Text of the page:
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Friday, October 30, 2020

At 5.7%, GDP grows fastest in over 2 years

The economy grew by 5.7 per cent in the first quarter of the fiscal, marking the fastest growth since March 2012.

By: ENS Economic Bureau | New Delhi | Updated: August 30, 2014 3:31:27 am
A jump in new export orders pushed the output sub-index to 52.4 from 51.7 in the previous two months. (AP) “The uptick in industrial output as well as reasonable growth in the farm sector have given a boost to growth,” said an official familiar with the development. (AP)

Led by strong industrial activity and a better-than-expected agricultural performance, the economy grew at a rate of 5.7 per cent in the quarter ended June, its fastest pace in two-and-a-half years, according to government data released on Friday.

GDP growth was 4.7 per cent in the corresponding quarter a year ago. Economic growth has been largely subdued marked by sub-5 per cent growth for the last two fiscals, with growth during the fourth quarter of last fiscal (January-March 2014) coming in at 4.6 per cent.

According to latest data released for the June quarter by the Central Statistics Office (CSO), manufacturing output was up 3.5 per cent in the first quarter this fiscal as against a contraction of 1.2 per cent a year ago, helped largely by the sharp revival in construction activity that expanded by a robust 4.8 per cent (1.1 per cent).

Farm output was up by a higher-than-expected 3.8 per cent in the June quarter over a 4 per cent surge a year ago. Electricity generation grew 10.2 per cent compared with 3.8 per cent during the same period.

While the optimism on the outlook for the economy has also been reflected in recent government statements, with Finance Secretary Arvind Mayaram earlier this month pegging GDP growth at 5.8 per cent in the current fiscal, analysts have flagged concerns about some of the abnormal factors that boosted GDP growth in the first quarter.

The factors that are unlikely to sustain in the ongoing quarter include the temporary pickup in activity in construction following low rainfall in June 2014 and a favourable base effect for sub-sectors such as manufacturing and electricity that are widely expected to slow down in the coming quarters, thanks to the subdued monsoon rainfall. The ongoing coal shortages and lower hydel generation are likely to reflect in the electricity generation estimates for the coming quarters, while farm output could also take a hit on account of the delayed kharif sowing.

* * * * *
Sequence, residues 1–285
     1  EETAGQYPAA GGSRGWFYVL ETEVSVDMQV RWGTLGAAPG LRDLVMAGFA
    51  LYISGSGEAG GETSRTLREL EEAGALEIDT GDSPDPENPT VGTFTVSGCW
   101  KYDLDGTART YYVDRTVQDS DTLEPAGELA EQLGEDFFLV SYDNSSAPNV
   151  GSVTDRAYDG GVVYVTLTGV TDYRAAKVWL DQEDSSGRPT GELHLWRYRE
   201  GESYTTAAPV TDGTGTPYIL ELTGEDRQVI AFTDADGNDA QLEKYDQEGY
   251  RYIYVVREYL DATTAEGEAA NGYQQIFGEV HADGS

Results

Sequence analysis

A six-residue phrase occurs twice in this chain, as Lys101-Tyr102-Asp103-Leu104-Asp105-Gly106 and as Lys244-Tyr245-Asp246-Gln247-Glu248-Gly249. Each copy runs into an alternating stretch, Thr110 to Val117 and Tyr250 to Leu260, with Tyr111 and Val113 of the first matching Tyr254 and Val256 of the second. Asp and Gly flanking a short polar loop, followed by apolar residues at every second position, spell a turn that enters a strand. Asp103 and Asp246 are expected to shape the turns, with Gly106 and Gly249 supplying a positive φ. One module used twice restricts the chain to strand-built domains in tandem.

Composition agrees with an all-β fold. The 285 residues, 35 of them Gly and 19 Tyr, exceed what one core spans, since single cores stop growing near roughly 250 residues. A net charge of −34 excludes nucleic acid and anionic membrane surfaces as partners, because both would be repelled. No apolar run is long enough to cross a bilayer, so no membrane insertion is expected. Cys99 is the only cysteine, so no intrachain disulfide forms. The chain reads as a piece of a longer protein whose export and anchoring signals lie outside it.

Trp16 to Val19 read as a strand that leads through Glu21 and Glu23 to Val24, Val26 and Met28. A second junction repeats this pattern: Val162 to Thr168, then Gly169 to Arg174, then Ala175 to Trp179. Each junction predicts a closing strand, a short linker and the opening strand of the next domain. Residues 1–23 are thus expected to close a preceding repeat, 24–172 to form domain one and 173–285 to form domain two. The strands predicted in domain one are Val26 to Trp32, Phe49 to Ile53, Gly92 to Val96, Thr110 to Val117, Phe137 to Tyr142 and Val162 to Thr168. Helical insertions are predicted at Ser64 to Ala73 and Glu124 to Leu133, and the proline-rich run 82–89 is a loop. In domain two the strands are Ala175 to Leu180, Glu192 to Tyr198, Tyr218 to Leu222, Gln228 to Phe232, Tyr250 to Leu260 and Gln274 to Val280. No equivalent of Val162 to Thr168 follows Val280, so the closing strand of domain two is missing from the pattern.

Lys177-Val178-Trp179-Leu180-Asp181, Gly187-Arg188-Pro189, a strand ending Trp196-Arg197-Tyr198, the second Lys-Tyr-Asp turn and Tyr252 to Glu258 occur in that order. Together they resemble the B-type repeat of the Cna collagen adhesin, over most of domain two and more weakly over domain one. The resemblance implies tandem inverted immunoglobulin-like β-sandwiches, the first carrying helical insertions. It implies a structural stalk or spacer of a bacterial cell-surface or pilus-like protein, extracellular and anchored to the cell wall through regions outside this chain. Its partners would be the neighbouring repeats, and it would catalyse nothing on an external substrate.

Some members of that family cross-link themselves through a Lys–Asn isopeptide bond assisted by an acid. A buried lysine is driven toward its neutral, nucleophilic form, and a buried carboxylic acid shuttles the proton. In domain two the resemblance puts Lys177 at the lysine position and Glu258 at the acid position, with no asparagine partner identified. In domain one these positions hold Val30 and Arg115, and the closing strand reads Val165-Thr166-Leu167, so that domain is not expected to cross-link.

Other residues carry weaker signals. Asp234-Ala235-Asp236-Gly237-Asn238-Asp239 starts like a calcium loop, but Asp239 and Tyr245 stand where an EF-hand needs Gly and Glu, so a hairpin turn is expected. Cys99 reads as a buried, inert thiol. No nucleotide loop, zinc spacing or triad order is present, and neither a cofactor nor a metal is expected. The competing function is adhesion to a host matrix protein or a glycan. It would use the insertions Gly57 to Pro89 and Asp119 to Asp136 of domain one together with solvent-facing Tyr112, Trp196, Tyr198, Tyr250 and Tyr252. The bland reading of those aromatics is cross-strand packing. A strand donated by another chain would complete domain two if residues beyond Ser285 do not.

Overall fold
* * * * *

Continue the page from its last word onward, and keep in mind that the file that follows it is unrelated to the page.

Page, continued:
According to the latest data, among the services sectors, financial services showed a sharp deceleration along with community services, which is representative of government expenditure, even as services such as hospitality and communication picked up moderately.

Aditi Nayar, Sr Economist, ICRA said, “The pace of resolution of various structural issues, simplification of business and taxation rules and fast-tracking of approvals would crucially impact the strength and sustainability of a capex revival in India.”

Rating agency Moody’s had on Wednesday said that the Indian economy is in the “early stages” of a “slow cyclical upturn”. The Reserve Bank of India in its monetary policy statement on August 5 had said prospects for reinvigoration of growth have improved modestly. “If the recent pick-up in industrial activity is sustained in an environment conducive to the revival of investment and unlocking of stalled projects, with ongoing fiscal consolidation releasing resources for private enterprise, external demand picking up and international crude prices stabilising, the central estimate of real GDP growth of 5.5 per cent within a likely range of 5 per cent to 6 per cent that was set out in the April projection for 2014-15 can be sustained,” it said.

However, it cautioned that if risks relating to the global recovery, the monsoon and geo-political tensions intensify, the balance of risks could tilt to the downside.

During the April-June quarter, the Chinese economy grew marginally higher at 7.5 per cent from an 18-month low of 7.4 per cent in the previous quarter, aided by a government stimulus. The US economy also grew at higher than expected rate of 4.2 per cent in the June quarter compared with a contraction of 2.1 per cent in the March quarter, driven by more business spending on new equipment and stronger household spending.

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